By Ian Johnson ‑ August 18, 2016
Contributors: Ian Johnson and Andre Andrade
Last week’s opening ceremony in Brazil’s Maracanã Stadium kick-started 17 days of the Olympiad: 10,500 athletes from 206 countries competing across 306 events. Since winning the bid for the Olympic Games in 2009, Rio de Janeiro has worked to make South America’s first Games a success. The government has invested in new stadiums and sporting venues, building new transport links including an $8 million elevated cycle path over the sea. In the build up to the event, Olympic organisers expected significant media focus, but were they prepared for the issues surrounding intellectual property (IP) and what this would mean for sponsors and the Olympic brand?
A giant leap for sporting technology
The 2016 Rio Olympics has been the most technologically advanced Olympics to date, embracing both digital systems and innovative start-ups to stage a multiscreen, virtual Games. Among many other new technologies, the Rio Games will use GPS devices to follow long distance races, laser technology for precise target shooting and scoring, and wearable data for performance analysis
How did so many new technologies make it to Rio? After the inception of an idea, it is vital for inventors to protect their IP with a patent or other form of security. In the lead up to the Games, Brazilian authorities recognised the space for new technology and made moves to accommodate emerging innovation. The Brazilian Patent Trademark Office (BRPTO) issued Resolution No.167, which enabled the fast tracking of the processing of industrial design applications related to sporting goods.
To meet the criteria for the expediting of examinations, industrial design patent applications had to exclusively concern sporting goods and have been requested prior to 16 June 2016. Resolution No.167 also helped to curb the effect of territorial patent rights. In general, exclusive rights are only applicable in the country or region in which a patent has been filed and granted, in accordance with the law of that particular location. Brazil’s fast tracked patent process protected IP as soon as an application was accepted. New technologies could be introduced in Rio safely and with the knowledge that the BRPTO would safeguard IP.
The social media takedown
In an attempt to protect its own IP, the International Olympic Committee (IOC) issued a ban on non-official sponsors sharing Olympic content:
"…Any use of USOC trademarks on a non-media company's website or social media site is viewed as commercial in nature and consequently is prohibited.”
Trademarks are a key method of protection of trademarked brands, sporting venues and even, athletes. Social media is also deploying trademarks to protect IP. Internet watching is an increasingly important tool for IP owners to survey and regulate the sharing of content online. While the regulation of certain terms and words on social platforms is not new, banning hashtags is a relatively new phenomenon. The first US applications for trademark hashtags were submitted in 2013, but the USOC now owns a number of words and phrases as trademarked hashtags: ‘#Rio2016’ and ‘#TeamUSA’, as well as ‘going for the gold’ and even ‘let the games begin.’
In 2015, the IOC created a by-law to existing Rule 40 of the Olympic Charter specifically to protect the investment made by official sponsors. The by-law not only deters non-official sponsors, but establishes a ‘blackout period’ from 27 July until midnight on 24 August 2016 during which time an athletes name and image cannot be used, nor can “Olympic-related terms” be shared by any non-official sponsors. According to the IOC, "Olympic-related terms" include: effort, challenge, summer, victory, and among many others, medal (including pictures of a medal). Social media users face prosecution for a trademark breach, while athletes could be banned from competing and stripped of medals. This may seem extreme, but strict measures are necessary for the IOC to establish IP ownership and stop other companies or individuals financially benefitting from their property.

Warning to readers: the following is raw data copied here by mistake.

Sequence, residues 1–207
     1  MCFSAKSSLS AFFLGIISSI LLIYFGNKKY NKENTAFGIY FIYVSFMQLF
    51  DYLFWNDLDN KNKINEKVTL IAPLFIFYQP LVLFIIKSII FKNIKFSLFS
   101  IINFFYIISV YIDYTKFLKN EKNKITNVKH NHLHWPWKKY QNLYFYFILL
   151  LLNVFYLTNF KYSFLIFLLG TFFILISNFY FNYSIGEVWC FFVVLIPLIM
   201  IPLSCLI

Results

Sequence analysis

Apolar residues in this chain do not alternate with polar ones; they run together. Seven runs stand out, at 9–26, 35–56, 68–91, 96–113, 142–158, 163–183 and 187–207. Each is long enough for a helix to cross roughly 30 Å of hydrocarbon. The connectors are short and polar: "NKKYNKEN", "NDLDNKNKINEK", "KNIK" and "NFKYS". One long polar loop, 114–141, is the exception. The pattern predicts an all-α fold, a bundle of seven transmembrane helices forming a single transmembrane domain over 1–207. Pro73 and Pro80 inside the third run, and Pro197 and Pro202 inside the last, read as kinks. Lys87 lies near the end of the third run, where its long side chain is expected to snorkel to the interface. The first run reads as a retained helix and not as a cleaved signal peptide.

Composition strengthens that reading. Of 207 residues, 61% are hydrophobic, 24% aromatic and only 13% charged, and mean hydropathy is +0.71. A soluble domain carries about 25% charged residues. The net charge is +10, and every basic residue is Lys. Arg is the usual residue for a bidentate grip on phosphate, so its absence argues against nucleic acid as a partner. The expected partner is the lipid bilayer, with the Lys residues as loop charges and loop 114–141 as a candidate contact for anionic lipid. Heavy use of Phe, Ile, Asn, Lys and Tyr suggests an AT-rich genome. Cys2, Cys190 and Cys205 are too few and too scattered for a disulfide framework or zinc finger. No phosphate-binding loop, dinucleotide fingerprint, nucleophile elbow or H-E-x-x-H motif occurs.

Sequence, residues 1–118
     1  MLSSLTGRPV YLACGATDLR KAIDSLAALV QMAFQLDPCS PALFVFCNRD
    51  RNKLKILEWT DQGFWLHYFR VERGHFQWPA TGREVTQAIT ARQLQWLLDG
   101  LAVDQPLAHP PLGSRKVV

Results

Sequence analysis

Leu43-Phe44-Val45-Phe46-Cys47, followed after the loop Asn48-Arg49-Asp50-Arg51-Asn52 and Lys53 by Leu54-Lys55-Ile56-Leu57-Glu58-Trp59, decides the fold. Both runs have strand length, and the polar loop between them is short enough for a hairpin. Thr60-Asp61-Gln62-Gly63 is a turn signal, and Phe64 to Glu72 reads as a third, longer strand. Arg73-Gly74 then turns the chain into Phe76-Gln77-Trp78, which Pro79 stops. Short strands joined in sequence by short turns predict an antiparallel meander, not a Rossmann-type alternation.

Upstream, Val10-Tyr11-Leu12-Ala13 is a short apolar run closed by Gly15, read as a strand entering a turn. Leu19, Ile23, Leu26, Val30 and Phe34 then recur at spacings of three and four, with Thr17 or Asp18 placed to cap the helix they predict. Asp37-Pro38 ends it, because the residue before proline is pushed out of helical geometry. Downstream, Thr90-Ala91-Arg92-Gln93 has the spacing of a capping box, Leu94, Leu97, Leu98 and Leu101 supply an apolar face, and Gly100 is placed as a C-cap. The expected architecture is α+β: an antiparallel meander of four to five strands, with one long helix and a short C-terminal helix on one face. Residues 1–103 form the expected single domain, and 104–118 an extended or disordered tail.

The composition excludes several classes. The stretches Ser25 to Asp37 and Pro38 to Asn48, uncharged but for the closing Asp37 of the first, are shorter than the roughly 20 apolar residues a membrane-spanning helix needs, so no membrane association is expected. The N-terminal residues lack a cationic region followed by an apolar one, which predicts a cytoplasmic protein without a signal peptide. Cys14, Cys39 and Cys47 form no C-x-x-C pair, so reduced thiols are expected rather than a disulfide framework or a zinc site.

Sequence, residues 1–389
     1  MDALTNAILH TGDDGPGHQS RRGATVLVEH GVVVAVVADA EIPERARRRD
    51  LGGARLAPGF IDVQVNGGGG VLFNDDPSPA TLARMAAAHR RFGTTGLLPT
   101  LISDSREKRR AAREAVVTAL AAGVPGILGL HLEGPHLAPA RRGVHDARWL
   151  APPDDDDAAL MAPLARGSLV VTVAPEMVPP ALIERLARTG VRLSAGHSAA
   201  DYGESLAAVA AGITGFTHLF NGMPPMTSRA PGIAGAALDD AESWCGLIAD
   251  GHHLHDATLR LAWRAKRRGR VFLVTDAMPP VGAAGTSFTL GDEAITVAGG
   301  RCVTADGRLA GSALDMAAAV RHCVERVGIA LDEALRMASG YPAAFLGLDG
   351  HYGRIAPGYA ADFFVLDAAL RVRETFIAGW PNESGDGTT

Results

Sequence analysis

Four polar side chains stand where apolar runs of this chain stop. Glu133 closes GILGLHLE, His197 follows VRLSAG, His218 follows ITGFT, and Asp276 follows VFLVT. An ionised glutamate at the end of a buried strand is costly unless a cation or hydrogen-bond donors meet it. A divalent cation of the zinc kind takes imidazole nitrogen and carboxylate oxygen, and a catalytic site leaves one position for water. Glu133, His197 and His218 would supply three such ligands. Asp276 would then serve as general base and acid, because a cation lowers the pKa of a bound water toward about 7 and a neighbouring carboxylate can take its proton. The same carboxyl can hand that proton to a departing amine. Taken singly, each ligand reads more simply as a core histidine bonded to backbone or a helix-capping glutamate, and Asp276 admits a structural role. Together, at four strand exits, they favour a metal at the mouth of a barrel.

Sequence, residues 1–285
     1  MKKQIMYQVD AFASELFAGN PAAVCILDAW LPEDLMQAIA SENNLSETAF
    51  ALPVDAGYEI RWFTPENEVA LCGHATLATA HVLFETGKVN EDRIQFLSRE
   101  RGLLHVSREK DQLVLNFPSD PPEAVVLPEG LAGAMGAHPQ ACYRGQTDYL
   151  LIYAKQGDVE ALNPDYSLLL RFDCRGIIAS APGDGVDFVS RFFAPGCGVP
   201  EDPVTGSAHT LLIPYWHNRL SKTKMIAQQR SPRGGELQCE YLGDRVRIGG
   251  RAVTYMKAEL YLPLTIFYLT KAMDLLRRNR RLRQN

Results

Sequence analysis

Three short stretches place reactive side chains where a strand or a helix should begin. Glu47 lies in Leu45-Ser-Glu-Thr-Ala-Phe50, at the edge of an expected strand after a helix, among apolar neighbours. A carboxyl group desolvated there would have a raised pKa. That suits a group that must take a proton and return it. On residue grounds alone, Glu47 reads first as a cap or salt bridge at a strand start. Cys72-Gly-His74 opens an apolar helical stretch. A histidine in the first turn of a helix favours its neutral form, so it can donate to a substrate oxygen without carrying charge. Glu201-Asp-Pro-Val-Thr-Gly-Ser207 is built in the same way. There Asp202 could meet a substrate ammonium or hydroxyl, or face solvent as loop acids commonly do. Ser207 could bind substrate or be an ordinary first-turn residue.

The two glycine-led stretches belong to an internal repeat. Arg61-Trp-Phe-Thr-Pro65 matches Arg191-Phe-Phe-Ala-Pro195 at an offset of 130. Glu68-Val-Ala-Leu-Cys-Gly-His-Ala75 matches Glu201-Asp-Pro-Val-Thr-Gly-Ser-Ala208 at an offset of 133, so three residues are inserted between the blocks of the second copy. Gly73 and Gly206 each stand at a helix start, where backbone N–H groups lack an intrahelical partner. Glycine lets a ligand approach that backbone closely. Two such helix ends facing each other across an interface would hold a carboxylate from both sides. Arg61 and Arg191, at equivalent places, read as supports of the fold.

Big corporations have sponsored Olympic cycles, paying an estimated 100 million euros each to the IOC to gain access to Olympic IP and a global audience. Some small businesses have been on the receiving end of the IP debate, receiving cease and desist letters, including a knitting group that used the term ‘ravelympics’ for a knitting competition, a charcuterie in Portland named ‘Olympic Provisions’ and a Philadelphia sandwich shop called ‘Olympic Gyro’.
The right to fight for IP
Twitter normally would be significantly populated with Olympic interaction, but Rio has barely been present in trending topics. The IOC may be upsetting social media users by staking ownership over hashtags, but as the owners of Olympic IP are they wrong to protect what is theirs?
The Internet vs IP debate will rage on through the duration of the Olympics, but these Rio Games highlight issues IP owners will face in the future, and why organisations need to be ahead of the changing game. The IOC is a non-profit organisation that uses IP assets to generate revenue. Enforcing restrictions on social media, i.e. preventing individuals that neither own nor sponsor Olympic IP from their financial benefit, is a legally protected method of IP protection. Social media watching is crucial in today’s interactive landscape to ensure infringement is not taking place across any form of media. Internet monitoring for the misuse of trademarks is a growing business and it is vital that IP owners have a trademark strategy in place that covers both PTOs and the Internet.
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